Whether or not these were the issues which plagued him going into the new campaign at City isn’t quite clear, but what is is that Kompany surprisingly lost his discipline over the season—picking up 11 yellow cards and a red for Belgium in a Euro 2016 qualifier in Israel, a far cry from the three bookings he received back in the 2009/10 season.
Everyone gets older, of course, from elite-level footballers to those who write about them, but there wasn’t so much a sense that age was catching up with Kompany and more that circumstances were.
Before the 2014/15 season, City had paid huge money for Eliaquim Mangala—more than twice as much as Crystal Palace’s XI when the pair met in April, according to the Daily Mail—but like many footballers before and after him, the Frenchman struggled to get to grips with life in England from the start.
The former Porto man was erratic, forcing Manuel Pellegrini to turn to the more reliable Martin Demichelis on several occasions, meaning that the Argentinean and Kompany would be required to defend deep in order to not expose their comparative lack of pace when facing plenty of the Premier League’s rapid attackers.
With Kompany and Demichelis dropping off, they were going to be relying on their central midfielders in front of them to fight several fires. But, in truth, none of them ever really got close to extinguishing an ember over what were disappointing campaigns.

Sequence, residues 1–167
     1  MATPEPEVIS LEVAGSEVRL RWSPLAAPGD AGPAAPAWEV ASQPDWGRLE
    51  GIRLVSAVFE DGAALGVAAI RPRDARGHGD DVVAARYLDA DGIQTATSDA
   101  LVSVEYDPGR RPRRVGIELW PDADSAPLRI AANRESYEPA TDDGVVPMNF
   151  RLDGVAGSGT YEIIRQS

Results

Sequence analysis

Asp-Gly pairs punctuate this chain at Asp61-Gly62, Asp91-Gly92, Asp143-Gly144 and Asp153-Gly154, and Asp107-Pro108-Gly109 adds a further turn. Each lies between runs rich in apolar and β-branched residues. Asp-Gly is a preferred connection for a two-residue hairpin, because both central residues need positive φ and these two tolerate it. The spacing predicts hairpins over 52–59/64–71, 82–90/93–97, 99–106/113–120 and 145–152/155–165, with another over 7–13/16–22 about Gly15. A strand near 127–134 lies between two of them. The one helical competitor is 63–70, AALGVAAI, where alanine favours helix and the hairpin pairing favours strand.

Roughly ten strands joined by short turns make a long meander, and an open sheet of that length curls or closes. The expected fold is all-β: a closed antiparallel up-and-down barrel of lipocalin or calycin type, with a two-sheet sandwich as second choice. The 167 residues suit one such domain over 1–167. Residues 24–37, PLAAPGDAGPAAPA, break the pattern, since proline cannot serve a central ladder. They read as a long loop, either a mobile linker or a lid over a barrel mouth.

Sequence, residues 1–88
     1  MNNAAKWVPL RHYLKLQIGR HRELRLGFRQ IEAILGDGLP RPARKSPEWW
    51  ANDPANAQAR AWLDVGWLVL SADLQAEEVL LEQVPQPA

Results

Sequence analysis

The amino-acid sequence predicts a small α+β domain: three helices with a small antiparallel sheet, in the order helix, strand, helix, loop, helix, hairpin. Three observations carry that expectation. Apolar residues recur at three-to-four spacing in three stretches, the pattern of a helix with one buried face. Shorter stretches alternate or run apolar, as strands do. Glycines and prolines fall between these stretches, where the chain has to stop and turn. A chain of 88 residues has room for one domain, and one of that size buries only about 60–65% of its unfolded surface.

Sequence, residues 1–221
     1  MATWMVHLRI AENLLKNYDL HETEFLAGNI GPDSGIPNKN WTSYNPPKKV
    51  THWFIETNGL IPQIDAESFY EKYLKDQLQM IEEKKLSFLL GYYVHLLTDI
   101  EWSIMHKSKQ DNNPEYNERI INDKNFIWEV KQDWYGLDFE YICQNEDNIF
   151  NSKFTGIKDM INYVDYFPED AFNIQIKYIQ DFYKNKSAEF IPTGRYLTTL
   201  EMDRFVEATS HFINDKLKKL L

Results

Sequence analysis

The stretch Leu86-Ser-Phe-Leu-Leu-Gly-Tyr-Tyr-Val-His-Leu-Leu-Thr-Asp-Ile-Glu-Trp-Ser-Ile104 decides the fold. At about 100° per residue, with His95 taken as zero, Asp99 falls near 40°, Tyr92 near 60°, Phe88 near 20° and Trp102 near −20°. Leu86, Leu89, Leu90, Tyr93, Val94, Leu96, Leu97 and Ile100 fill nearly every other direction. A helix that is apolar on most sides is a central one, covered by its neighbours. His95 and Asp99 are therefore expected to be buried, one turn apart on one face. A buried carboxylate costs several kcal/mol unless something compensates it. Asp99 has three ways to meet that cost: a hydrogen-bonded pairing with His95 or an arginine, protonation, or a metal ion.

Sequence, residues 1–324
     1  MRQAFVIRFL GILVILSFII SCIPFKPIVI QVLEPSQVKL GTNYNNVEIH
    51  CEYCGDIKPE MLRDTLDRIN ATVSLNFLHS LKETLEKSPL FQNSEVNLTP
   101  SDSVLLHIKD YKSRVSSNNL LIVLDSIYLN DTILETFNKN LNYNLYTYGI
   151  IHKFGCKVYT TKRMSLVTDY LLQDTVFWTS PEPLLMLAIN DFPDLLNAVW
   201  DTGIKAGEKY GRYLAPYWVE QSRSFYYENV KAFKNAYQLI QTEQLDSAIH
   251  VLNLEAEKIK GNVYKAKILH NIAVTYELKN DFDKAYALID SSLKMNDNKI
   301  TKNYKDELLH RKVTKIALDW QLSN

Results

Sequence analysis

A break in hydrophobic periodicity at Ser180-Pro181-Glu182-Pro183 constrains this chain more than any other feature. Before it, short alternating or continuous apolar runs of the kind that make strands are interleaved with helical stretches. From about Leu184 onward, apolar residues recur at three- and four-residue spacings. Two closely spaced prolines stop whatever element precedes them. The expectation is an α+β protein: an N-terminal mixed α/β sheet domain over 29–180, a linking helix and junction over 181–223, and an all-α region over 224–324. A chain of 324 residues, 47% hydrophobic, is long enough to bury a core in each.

Fernandinho, seemingly experiencing some kind of post-traumatic stress disorder from being overrun by the German midfield in the first half of Brazil’s infamous World Cup semi-final defeat, just never seemed to get going.
As City’s best “natural” holding-midfield player his extended influence was missed, particularly as he’d been so good in the title-winning 2013/14 campaign.
Signed as a player to share the Brazilian’s duties, Fernando was never anything more than average in his first season in England, whilst Yaya Toure played probably his strangest season in a City shirt—one in which it was often difficult to work out if he was actually performing within himself or not. Javi Garcia was sold and James Milner was never played in his preferred central role, hence this summer’s move to Liverpool.